Taken together our results suggest that Co-HA-Lf coatings determine a cytokine secretion profile associated with a tissue regeneration-favorable immune response, in agreement with previous data [58], which clearly revealed that the incorporation of HA and Lf into polymeric coating enhanced osteoblastic differentiation.

3.2.4. Surface Effect on Macrophage Polarization

Multiple properties of biomaterial, including physical (topography and roughness) modifications or surface chemistry, can influence immune response and play a significant role in macrophage polarization towards inflammatory M1 or pro-regenerative M2 phenotypes [85,86,87]. This behavior of macrophages has a direct impact on bone regeneration and biological performance of the biomaterial [88,89,90]. Different surfaces with diverse chemistry and characteristics control macrophage reaction and phenotype shift [15,91,92,93], with molecular events and cellular signaling pathways involved in macrophage activation [94]. The cell response differs from the biomaterial surface and in vitro cell models used in the investigation [6,67].
Macrophage polarization induced by surface chemistry and topography correlates with changes in the profile response of cytokine [86]. For studying further the effect of hybrid surfaces on macrophage polarization to the M1 pro-inflammatory phenotype or M2 anti-inflammatory phenotype, the samples were incubated with antibodies specific for membrane markers of classical and alternative activated macrophages. In this case, the presence of a pro-inflammatory phenotypic marker, CCR7, and the anti-inflammatory phenotype specific marker, CD206 [17,95,96,97], was followed. LPS treatment is a classic polarization protocol to the pro-inflammatory phenotype, but the presence of lactoferrin on the analyzed surfaces, a protein with well-known anti-inflammatory effects, may cause a decrease in the endotoxin effect. Immunomarking of macrophages untreated with inflammatory stimuli revealed a particular activation. The cells displayed characteristics of both M1 and M2 polarization states, especially on coatings with Lf. The cells presented both CCR7 (macrophage M1) and CD206 (macrophage M2) markers on the membrane surface, suggesting that they might be in a state of variable continuing activation between the M1 and M2 state creating a heterogeneous population of macrophages. Representative fluorescent images of the THP-1 cell cultured on different coatings are shown in Figure 7.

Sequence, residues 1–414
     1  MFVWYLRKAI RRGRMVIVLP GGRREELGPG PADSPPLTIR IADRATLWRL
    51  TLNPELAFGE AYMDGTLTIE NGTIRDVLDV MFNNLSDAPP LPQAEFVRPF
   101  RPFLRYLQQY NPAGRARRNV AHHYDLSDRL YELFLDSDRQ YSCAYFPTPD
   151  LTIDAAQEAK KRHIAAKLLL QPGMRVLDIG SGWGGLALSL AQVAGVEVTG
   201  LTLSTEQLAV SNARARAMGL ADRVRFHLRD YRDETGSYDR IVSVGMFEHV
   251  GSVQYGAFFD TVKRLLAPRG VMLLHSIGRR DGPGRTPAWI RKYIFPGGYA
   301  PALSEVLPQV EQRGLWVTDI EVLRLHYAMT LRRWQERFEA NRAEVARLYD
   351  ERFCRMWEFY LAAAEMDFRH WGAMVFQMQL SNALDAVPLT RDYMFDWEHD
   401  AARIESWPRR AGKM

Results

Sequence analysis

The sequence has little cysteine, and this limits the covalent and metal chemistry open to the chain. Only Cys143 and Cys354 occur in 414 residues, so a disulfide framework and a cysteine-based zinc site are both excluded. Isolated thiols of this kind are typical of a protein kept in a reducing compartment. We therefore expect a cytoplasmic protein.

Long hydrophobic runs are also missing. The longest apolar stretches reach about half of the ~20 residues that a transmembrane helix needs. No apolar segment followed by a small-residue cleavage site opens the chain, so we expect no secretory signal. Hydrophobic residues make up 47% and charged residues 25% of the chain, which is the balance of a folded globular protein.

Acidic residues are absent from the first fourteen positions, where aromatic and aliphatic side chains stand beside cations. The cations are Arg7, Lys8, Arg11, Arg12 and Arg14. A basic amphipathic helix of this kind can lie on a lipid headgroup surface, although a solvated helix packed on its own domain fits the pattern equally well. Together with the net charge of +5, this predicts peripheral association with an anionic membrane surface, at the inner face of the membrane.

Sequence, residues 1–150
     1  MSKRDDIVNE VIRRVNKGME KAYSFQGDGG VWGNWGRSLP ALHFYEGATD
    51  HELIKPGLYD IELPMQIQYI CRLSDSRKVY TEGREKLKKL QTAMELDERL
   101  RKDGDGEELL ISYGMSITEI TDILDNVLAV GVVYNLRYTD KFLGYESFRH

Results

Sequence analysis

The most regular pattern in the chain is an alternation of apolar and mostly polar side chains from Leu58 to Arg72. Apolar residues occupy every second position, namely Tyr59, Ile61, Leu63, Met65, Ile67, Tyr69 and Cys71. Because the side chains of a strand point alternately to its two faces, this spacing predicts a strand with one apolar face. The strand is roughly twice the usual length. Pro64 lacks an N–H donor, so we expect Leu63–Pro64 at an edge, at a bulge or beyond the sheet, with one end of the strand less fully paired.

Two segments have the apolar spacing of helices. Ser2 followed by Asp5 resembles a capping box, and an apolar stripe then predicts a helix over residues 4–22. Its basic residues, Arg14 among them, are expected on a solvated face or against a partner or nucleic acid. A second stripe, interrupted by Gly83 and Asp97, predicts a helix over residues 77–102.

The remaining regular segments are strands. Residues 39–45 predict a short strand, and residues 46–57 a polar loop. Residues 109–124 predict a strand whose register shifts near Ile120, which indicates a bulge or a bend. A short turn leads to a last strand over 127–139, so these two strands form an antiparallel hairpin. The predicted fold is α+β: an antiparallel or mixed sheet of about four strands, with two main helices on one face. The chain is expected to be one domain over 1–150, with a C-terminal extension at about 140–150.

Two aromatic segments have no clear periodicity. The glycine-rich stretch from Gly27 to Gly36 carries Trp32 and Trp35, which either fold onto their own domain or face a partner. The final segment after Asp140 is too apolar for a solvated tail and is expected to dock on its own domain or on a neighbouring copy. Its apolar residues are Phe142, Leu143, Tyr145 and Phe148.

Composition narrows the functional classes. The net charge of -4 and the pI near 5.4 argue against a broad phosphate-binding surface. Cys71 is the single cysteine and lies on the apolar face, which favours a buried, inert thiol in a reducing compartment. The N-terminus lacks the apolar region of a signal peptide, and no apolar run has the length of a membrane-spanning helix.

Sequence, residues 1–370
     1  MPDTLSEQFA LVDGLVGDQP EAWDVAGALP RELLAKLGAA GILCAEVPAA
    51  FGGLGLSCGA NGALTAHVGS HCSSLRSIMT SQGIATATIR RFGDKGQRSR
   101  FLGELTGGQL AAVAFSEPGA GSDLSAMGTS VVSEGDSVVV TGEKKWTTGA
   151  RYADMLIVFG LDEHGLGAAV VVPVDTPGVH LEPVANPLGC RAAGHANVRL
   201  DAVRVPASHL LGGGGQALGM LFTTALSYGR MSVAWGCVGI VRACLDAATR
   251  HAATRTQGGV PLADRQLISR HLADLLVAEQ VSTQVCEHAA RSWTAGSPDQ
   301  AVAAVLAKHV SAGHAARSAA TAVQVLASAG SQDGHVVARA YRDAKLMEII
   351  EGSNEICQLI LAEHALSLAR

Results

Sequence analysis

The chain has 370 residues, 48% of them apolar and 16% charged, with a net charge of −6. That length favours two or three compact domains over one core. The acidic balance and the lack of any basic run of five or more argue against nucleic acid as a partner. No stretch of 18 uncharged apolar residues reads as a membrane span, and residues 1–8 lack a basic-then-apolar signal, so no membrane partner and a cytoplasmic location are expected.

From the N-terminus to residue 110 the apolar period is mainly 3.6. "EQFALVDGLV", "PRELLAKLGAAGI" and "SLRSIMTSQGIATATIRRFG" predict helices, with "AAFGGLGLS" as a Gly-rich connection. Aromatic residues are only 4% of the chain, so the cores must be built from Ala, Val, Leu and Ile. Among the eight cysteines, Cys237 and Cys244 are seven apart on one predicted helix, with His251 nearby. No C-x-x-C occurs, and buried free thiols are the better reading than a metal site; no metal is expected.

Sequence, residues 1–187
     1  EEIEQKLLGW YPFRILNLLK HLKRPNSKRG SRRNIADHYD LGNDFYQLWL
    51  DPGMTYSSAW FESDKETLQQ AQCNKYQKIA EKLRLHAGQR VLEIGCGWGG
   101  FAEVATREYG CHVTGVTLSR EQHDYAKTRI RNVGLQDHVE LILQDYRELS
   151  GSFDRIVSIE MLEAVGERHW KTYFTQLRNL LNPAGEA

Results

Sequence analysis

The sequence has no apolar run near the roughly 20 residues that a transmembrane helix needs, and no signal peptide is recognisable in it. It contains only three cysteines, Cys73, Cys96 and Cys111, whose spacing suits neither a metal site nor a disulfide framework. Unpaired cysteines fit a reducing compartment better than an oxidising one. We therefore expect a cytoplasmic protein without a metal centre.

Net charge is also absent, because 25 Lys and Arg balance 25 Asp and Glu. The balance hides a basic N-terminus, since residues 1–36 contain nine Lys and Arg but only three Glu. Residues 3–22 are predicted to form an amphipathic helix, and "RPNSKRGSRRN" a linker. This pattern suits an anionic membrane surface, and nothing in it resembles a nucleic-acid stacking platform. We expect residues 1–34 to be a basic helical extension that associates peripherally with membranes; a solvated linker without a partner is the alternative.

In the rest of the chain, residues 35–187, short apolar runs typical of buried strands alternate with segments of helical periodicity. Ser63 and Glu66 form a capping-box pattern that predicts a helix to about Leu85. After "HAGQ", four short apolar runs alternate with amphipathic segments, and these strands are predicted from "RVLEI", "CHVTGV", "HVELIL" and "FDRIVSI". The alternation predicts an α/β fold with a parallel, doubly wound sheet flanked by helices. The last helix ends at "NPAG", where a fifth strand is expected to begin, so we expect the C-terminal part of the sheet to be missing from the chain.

This type of behavior was observed as well by Zhang et al. [50,98], who showed that material-activated macrophages do not polarize specifically into M1 or M2 phenotypes but rather are activated into a mixed phenotype with both M1/M2 characteristics.
During the inflammatory process, the macrophages suffer complex activation, expressing the features of both M1 and M2 phenotypes. This activation could explain the simultaneous expression of M1/M2 specific markers, the secretion of both pro and anti-inflammatory cytokines, as well as the presence of mixed cell morphologies on composite surfaces. In the case of endotoxin stimulation, it seemed that Lf counteracted the inflammatory effect induced by LPS, while the cells cultured on coatings with Lf alone or in combination with HA or copolymer displayed an enhanced anti-inflammatory M2 phenotype expression marker CD206 on the cell surface. The results could be correlated with the ability of Lf to modulate the polarization of macrophages through its anti-inflammatory properties [82] and also with the hydrophilic character of the hybrid coating [14]. In addition, M1-to-M2 transition on hybrid coatings of THP-1 cells stimulated with LPS could also be explained by the interference of the hydroxyapatite component [99,100] and the polymeric coating, which might be involved in a controlled release of the anti-inflammatory component [58].
Besides chemical-structural characteristics of our materials with anti-inflammatory effects (Lf, HA), the roughness could have also an impact on macrophage polarization. Generally, surface roughness maintained in the nanometer scale induces a decrease in M1 development of macrophages and an increase in M2 phenotype [101]. Our films generated by each condition exhibited a submicron roughness, with lowest values for coatings containing Lf alone or embedded within the polymeric matrix. These films exhibited increased levels of anti-inflammatory IL-10 and the increased polarization of THP-1 cells towards an M2 phenotype.